Demanding that Kavanaugh recuse himself from any Supreme Court rulings on the Mueller investigation is silly.
The Mueller investigation has been both praised and criticized. Much of the evaluation of the investigation assumes, rather than discusses, what the function of special counsel investigations should be. That is a problem. There are two basic approaches to the role of the special counsel and determining their relative importance is essential both to evaluating the Mueller investigation and achieving a reform of the institutions governing the special counsel. Here I want to explore these two different approaches and describe how they should be used to design a reformed institution for investigating and disciplining executive wrongdoing. In short, I believe that criminal prosecutions should be deemphasized, with reports to the public of executive wrongdoing becoming the primary focus.
The Criminal Prosecution and the Accountability Models
The two basic approaches to the role of the special counsel are the Criminal Prosecution Model and the Accountability Model. The Criminal Prosecution Model views the special counsel as an institution necessary to ensure that high executive officials have not violated the laws, especially the criminal laws. It is assumed that the normal investigation process does not work for such high officials, due to conflicts of interests. But while a special counsel is needed, no other changes in the normal criminal investigation process are required. The basic task for the special counsel is to decide whether or not to criminally prosecute the person being investigated.
Under the Criminal Prosecution Model, the special counsel would make a decision whether to prosecute or not. The special counsel would not release a report to the public explaining the reasons for his decision. Instead, if the special counsel concluded that no criminal prosecution was warranted, he would simply announce the fact, without any other explanation. In fact, saying more about the person being investigated would be regarded as unfair.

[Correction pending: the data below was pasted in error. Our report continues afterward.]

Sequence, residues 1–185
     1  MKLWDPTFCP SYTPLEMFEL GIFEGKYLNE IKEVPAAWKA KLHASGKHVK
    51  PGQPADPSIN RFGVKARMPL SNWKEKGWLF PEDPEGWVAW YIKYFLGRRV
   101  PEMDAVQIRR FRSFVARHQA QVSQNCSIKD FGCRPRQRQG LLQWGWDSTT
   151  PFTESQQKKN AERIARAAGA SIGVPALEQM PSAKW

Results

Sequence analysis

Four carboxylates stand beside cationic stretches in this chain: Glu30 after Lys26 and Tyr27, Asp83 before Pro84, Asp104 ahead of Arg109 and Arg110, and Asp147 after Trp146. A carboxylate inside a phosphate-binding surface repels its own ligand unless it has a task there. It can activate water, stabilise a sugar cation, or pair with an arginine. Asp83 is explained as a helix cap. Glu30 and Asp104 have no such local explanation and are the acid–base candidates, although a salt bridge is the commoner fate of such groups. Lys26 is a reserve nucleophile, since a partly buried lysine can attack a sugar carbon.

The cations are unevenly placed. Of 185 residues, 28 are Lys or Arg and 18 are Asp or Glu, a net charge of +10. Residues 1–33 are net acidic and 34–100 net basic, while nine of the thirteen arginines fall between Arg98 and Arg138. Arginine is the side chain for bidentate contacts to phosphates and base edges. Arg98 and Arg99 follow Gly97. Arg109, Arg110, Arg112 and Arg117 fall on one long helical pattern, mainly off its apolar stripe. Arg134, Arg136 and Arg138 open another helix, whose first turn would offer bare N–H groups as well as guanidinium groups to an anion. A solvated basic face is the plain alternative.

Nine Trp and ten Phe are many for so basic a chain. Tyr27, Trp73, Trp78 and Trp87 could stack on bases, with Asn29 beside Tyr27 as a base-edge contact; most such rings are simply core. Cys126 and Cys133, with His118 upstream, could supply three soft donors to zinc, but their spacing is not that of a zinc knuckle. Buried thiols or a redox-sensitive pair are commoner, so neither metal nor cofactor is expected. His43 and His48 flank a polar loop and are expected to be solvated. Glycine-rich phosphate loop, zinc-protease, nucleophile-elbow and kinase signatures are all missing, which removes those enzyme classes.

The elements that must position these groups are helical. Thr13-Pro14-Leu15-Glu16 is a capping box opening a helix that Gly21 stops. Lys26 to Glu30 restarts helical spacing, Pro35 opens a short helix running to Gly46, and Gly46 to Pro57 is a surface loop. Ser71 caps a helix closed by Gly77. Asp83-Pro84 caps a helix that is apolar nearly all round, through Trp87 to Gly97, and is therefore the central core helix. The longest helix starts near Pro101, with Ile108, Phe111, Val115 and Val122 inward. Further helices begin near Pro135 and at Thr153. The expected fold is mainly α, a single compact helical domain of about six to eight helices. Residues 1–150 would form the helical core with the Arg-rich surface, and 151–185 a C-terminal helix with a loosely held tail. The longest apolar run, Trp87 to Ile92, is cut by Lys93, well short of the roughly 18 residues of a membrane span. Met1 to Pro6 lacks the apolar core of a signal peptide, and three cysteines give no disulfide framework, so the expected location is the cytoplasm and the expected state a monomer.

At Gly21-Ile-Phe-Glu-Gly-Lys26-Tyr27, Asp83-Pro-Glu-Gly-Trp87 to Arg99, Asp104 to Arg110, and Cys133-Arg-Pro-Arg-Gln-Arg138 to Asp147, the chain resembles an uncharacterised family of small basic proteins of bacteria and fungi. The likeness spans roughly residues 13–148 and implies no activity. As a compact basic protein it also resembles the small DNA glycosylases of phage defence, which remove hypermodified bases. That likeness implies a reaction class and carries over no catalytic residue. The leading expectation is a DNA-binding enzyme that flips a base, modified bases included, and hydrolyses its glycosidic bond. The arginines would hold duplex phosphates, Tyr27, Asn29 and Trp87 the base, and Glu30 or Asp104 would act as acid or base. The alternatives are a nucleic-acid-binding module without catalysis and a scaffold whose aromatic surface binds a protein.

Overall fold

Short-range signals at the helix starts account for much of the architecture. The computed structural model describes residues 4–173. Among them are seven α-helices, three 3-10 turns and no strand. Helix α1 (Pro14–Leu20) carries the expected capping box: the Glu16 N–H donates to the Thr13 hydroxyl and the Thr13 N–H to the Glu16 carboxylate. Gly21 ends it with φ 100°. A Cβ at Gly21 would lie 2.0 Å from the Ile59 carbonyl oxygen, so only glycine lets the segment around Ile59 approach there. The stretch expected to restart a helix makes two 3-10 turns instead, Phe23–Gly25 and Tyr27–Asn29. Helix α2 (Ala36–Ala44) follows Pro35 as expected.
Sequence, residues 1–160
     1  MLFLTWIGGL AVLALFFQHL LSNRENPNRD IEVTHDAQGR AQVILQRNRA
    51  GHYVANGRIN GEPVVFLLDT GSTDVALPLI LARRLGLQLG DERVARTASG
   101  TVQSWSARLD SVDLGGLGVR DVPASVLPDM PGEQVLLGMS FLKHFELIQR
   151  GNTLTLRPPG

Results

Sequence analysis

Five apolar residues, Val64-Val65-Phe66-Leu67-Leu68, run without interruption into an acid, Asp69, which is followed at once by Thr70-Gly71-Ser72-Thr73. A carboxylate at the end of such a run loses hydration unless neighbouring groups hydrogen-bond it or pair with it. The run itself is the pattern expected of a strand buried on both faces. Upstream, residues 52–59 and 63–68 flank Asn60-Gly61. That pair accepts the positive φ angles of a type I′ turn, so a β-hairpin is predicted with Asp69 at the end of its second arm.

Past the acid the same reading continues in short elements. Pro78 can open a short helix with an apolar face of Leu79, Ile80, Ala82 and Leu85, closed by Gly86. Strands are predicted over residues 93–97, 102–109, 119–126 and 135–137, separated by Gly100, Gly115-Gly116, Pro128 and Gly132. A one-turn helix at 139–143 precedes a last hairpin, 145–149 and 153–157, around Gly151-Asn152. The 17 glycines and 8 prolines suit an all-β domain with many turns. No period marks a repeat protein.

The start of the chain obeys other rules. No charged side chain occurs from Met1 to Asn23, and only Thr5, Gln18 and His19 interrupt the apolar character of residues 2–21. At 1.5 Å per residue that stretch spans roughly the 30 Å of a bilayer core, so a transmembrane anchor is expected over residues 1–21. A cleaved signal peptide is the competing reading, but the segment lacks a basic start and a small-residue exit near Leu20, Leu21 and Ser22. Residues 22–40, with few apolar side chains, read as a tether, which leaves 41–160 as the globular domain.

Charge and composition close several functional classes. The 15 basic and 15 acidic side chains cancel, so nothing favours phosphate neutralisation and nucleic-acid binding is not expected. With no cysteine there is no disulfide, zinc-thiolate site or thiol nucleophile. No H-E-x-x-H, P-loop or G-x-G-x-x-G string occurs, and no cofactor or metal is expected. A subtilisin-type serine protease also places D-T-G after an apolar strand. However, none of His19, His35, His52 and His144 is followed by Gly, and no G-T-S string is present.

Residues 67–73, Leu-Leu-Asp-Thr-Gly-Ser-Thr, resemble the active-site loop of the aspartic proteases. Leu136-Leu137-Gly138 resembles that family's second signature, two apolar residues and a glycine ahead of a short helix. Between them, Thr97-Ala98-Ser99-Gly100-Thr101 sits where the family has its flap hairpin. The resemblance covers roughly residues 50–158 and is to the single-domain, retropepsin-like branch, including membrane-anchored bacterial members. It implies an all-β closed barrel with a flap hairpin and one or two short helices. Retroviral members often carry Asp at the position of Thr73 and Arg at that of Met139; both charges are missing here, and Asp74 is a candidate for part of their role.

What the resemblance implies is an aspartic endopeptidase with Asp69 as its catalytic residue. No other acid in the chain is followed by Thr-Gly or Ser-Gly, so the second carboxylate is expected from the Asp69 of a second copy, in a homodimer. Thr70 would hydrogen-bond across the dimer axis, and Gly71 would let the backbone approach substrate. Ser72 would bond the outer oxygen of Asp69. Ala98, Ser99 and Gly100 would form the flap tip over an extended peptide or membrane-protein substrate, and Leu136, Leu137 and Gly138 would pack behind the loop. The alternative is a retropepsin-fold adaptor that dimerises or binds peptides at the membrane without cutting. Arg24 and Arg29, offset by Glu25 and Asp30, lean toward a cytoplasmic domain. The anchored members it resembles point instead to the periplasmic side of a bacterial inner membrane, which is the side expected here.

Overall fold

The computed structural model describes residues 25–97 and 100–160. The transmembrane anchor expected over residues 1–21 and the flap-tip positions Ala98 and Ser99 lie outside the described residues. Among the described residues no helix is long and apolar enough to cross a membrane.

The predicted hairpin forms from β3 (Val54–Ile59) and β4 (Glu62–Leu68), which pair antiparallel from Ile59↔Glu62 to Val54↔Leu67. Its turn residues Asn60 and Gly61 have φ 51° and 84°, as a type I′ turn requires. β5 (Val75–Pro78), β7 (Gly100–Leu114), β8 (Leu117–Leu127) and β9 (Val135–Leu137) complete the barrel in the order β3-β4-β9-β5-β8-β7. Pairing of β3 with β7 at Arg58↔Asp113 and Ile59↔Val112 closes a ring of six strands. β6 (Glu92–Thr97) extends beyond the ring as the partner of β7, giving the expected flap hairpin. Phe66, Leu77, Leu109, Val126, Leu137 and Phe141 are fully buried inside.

The Accountability Model, by contrast, views the special counsel as an institution necessary to determine what actions were taken by high executive officials. The principal goal is not to enforce the law against those officials. Instead, it is to reveal to the public and other institutions what happened, so that those officials can be held accountable through elections, removal, or impeachment.
Under the Accountability Model, the special counsel would release a report to the public that would indicate what actions he believes occurred. That report would try to be as objective as possible, so that the public and political institutions could hold the actors accountable. If there was uncertainty about the facts, the report would discuss that uncertainty. If there was uncertainty about the law, the report would explain the different legal possibilities. Under this model, the special counsel would not bring an enforcement action. The report, not the prosecution, is the key.
Strengths and Weaknesses of the Two Models
Each of the models has strengths and weaknesses. The Criminal Prosecution Model’s main strength is that it attempts to ensure that high executive officials are not above the law. The President and other high executive officials should not be immune from prosecution simply because they are in control of the government’s prosecutorial apparatus. The ideal that no one is above the law is an important one.
But there are significant problems with the Criminal Prosecution Model. One problem is that whether someone should be prosecuted for a violation of the criminal law is often far from clear. The prosecutor has great discretion over whether to bring criminal prosecutions. Recognizing this, the law establishes norms of prosecutorial discretion that are to govern criminal prosecution decisions. Unfortunately, these norms are unclear, so the prosecutor still retains tremendous discretion.
This discretion means that the special counsel’s incentives really matter. The problem is that the special counsel has strong institutional incentives to “get” the person he is investigating. Special counsels are often judged based on their success in convicting the big fish and can focus all of their time and resources on prosecuting that one person. Due to this aggressive approach, special counsel investigations often weaken an entire presidential administration and interfere with its ability to govern.